By Karine KalantarianJustice Minister David Harutiunian reaffirmed on Wednesday his plans to become more actively involved in political processes in Armenia, which may well take the form of his participation in next year’s parliamentary elections.
“Do I aim to engage in politics? Yes, I do,” he said. “Do I have [political] plans? Yes, I do.”
Speaking to RFE/RL in March, Harutiunian admitted that he is considering “returning to parliament.” But he would not be drawn, both then and now, on details of his possible comeback which looks even more likely after the resignation on Tuesday of Ara Saghatelian, his press secretary and confidante. “I have some plans relating to the field of mass media and am confident that they will prove useful for the development of the entire field,” Saghatelian told RFE/RL without elaborating.
The move sparked speculation that Saghatelian quit the Ministry of Justice to organize and manage Harutiunian’s pre-election activities. Harutiunian appeared to implicitly confirm this. “I can’t refute any comments,” he said.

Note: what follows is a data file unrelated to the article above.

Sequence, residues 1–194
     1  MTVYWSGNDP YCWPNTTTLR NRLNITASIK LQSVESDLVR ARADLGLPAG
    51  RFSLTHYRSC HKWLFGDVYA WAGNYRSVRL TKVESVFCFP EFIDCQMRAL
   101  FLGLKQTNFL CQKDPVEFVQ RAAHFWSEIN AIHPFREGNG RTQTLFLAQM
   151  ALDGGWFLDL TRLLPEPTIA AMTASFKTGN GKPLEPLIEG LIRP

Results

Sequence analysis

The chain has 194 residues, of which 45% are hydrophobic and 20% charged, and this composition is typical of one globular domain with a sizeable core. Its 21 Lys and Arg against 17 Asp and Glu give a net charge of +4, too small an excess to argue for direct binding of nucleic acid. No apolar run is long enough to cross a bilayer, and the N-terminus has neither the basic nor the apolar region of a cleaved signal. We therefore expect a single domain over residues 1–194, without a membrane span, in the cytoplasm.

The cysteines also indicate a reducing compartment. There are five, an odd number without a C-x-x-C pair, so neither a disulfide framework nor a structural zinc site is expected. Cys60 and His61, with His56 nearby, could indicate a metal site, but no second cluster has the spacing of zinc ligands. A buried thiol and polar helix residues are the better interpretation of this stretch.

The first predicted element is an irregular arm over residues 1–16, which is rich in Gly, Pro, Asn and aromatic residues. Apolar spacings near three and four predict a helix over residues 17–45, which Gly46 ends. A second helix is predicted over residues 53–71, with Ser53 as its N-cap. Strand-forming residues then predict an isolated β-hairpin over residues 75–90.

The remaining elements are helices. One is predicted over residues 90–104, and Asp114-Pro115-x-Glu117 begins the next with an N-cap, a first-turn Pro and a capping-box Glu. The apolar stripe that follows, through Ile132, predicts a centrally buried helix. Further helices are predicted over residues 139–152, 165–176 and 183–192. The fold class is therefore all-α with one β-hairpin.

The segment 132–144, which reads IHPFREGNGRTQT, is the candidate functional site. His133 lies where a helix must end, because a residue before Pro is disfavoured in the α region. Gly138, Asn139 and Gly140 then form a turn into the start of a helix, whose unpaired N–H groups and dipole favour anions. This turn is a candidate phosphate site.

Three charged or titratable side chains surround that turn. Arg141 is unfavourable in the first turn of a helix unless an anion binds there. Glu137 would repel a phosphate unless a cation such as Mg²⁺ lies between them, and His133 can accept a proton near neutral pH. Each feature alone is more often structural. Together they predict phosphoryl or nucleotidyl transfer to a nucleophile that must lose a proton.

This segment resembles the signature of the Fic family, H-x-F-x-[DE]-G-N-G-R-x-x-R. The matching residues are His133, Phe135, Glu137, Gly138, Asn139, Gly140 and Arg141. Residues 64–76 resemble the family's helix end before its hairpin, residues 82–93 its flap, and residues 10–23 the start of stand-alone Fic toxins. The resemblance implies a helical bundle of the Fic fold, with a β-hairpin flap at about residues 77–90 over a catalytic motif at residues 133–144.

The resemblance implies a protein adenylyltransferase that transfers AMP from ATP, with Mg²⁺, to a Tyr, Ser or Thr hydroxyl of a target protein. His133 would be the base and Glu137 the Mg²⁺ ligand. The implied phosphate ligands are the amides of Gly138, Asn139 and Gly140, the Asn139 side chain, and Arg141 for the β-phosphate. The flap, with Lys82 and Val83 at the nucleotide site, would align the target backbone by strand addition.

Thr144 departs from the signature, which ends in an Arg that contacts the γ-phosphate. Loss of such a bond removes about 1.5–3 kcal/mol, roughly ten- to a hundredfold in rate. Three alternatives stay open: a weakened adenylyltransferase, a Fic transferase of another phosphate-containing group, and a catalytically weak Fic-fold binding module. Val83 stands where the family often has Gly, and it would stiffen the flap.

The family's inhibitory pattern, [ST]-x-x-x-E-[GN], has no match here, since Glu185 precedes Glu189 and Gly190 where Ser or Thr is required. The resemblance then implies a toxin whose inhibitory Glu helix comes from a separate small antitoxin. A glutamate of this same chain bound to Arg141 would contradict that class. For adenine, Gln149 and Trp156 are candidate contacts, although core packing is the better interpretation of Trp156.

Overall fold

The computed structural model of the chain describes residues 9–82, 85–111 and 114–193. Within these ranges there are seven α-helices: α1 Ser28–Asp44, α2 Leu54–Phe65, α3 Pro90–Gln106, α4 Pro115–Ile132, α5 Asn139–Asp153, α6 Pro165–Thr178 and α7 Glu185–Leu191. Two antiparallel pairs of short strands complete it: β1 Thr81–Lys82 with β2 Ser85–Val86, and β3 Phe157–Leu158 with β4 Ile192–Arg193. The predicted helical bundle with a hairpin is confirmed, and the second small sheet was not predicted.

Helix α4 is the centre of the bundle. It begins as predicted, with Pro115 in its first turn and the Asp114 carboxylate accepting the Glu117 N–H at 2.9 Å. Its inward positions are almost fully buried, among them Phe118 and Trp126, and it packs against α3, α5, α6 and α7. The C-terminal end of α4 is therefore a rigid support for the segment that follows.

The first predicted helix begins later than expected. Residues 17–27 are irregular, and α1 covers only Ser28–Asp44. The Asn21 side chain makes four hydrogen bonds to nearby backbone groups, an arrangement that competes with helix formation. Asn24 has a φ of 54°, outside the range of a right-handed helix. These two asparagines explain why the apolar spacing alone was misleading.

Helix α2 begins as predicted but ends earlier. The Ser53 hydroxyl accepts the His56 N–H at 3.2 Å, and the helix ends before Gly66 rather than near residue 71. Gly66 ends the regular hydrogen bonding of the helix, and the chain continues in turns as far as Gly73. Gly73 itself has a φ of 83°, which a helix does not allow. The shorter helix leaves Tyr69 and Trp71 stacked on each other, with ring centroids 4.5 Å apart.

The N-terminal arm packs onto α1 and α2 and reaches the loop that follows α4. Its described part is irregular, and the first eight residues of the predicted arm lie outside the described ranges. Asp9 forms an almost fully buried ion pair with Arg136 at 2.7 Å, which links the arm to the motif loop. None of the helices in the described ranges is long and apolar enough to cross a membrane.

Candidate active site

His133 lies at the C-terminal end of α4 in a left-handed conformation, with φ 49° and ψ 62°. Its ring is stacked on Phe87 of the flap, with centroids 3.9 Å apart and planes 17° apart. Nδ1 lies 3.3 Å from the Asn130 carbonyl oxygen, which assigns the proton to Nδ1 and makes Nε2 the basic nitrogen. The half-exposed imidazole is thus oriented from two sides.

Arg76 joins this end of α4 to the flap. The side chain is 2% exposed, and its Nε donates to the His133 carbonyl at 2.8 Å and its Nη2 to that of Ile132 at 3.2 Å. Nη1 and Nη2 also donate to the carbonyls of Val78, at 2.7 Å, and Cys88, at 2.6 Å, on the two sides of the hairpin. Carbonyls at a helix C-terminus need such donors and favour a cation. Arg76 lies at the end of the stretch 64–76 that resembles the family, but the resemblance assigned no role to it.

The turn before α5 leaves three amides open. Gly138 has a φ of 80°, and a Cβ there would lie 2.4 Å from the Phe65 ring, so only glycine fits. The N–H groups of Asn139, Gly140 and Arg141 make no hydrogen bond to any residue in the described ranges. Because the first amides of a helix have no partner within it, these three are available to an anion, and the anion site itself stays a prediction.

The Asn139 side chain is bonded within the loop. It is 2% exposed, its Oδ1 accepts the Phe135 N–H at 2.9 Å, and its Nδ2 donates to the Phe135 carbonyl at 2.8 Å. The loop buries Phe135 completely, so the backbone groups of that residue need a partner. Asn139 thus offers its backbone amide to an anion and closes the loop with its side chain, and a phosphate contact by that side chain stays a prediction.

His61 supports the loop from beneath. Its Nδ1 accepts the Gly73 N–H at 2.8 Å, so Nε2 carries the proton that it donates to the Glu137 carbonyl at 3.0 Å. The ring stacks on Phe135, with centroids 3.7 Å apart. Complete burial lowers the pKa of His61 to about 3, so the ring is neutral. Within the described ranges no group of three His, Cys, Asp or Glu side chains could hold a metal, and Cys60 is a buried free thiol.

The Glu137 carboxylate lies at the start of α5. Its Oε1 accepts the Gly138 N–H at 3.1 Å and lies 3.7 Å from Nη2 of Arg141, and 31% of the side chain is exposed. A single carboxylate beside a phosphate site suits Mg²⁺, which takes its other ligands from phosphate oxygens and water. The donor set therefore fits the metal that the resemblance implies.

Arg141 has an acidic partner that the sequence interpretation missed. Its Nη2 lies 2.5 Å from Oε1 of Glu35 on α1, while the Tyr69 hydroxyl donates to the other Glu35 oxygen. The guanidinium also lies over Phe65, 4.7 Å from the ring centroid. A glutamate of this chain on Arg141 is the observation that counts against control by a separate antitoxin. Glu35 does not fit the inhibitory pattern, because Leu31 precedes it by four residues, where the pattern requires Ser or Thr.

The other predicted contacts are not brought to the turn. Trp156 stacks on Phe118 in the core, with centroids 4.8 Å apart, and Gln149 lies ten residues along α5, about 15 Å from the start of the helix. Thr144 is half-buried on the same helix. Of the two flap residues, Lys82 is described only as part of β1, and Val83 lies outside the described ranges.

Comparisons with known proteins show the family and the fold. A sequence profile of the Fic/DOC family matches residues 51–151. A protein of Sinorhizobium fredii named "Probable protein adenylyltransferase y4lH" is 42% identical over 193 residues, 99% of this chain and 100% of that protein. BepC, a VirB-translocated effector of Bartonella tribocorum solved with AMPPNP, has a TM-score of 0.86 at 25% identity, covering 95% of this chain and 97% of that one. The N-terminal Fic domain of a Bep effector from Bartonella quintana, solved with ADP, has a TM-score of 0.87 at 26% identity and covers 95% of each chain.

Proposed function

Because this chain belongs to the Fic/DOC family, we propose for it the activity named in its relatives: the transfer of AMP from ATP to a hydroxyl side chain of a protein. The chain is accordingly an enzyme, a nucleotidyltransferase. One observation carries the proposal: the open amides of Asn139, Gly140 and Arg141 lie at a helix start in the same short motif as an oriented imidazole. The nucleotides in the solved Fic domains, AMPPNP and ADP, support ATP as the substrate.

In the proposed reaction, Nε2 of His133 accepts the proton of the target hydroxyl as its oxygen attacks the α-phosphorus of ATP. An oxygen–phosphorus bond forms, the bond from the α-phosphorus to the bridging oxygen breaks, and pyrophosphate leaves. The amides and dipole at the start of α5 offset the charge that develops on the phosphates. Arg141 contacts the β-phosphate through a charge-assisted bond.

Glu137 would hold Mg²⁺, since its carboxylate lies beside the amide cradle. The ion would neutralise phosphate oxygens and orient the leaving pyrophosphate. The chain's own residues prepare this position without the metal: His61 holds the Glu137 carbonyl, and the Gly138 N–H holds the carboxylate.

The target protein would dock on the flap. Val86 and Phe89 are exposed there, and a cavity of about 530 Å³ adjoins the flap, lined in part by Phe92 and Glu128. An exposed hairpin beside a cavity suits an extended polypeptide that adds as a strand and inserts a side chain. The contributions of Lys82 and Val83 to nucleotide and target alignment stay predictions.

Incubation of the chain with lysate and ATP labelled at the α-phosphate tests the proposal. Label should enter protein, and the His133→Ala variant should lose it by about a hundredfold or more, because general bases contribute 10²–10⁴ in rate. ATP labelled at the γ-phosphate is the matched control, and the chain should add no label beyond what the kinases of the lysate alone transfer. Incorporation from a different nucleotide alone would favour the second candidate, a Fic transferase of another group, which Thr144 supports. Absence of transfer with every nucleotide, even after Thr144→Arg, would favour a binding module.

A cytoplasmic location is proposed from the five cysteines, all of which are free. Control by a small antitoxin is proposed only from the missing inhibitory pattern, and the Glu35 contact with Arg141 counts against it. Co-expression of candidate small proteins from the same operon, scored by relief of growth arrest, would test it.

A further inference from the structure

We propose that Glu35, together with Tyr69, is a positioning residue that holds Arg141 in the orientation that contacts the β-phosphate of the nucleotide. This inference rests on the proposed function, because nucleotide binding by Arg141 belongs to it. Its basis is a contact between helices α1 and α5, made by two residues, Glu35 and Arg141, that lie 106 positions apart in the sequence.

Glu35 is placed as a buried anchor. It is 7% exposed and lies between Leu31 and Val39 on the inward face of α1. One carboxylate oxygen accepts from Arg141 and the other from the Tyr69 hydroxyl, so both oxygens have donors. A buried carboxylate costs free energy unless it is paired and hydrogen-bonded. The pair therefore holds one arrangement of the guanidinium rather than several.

“To be an independent political force one needs to have a team,” added Harutiunian. “That I do have a team is out of question. I think the society or any political force does not doubt that.”
Despite his relatively young age, the 43-year-old minister is one the longest serving members of President Robert Kocharian’s cabinet. He is believed to have had considerable influence on Armenia’s courts, notorious for their lack of independence, throughout his eight-year tenure.
Harutiunian’s increased political clout have led some observers to consider him a potential candidate to succeed the Armenian president after his anticipated resignation in 2008. It remains to be seen whether he will dare to challenge Defense Minister Serzh Sarkisian if the country’s second most powerful man officially confirms his widely anticipated participation in the 2008 presidential ballot.